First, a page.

'Try as I might, I cannot find a convincing answer as to why more hefty surcharges are required to add to the peak season surcharges, which themselves still baffle me. Think of it: a charge on your customers because you are getting more business, all paying the going rate which should be covering the cost of the service. Extra costs there may be, but all covered by the revenue, surely?'
With Maersk at the head of the pack on these increases, it will be tough for shippers to have any more say than they did on the issue of slow steaming.
A lack of sharing of demand forecast information between shippers and carriers cost the carriers big time last year, to the tune of billions of dollars worth of losses.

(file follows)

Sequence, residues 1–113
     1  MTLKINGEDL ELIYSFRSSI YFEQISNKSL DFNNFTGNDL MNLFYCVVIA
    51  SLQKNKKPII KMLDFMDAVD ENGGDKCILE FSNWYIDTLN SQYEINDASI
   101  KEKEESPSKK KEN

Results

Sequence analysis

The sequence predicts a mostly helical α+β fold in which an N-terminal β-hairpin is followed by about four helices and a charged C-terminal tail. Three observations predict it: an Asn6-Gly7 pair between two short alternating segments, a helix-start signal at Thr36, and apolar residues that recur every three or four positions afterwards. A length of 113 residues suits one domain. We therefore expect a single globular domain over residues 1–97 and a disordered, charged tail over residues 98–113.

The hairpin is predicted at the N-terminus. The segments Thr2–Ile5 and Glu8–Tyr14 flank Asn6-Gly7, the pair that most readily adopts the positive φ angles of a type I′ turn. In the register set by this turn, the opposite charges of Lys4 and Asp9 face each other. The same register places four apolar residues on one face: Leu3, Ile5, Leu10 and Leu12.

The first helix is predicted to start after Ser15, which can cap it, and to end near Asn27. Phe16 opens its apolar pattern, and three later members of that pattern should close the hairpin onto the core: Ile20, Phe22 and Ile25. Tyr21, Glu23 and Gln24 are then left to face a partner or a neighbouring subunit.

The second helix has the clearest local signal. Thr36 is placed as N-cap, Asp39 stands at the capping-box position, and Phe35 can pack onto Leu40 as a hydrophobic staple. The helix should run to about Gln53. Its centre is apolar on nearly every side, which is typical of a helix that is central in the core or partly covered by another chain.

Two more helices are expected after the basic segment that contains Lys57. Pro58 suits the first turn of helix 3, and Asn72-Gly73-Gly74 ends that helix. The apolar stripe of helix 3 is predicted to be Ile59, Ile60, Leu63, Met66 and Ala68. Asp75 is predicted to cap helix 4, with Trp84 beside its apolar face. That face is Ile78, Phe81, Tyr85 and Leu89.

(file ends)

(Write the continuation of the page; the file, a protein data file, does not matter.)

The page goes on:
This year, that lack of fundamental communication is coming back to hurt shippers. Carriers were evidently caught unaware by the depth of the recovery this year, with Chinese ports handling a record number of containers in May. The volume even surpassed May 2008 totals.
If the 'carriers were caught unaware' phrase seems familiar, it's because it was used so often during the crisis in late 2008 and early 2009. At that time it described how carriers had brought in too much capacity and were caught unaware by the depth of recession.
The lesson here is that carriers shouldn't be caught unaware again. Shippers should be sharing as much forward demand information as they have available (with the requisite confidentiality clauses) so that carriers can't use the excuse anymore that they were 'caught unaware.'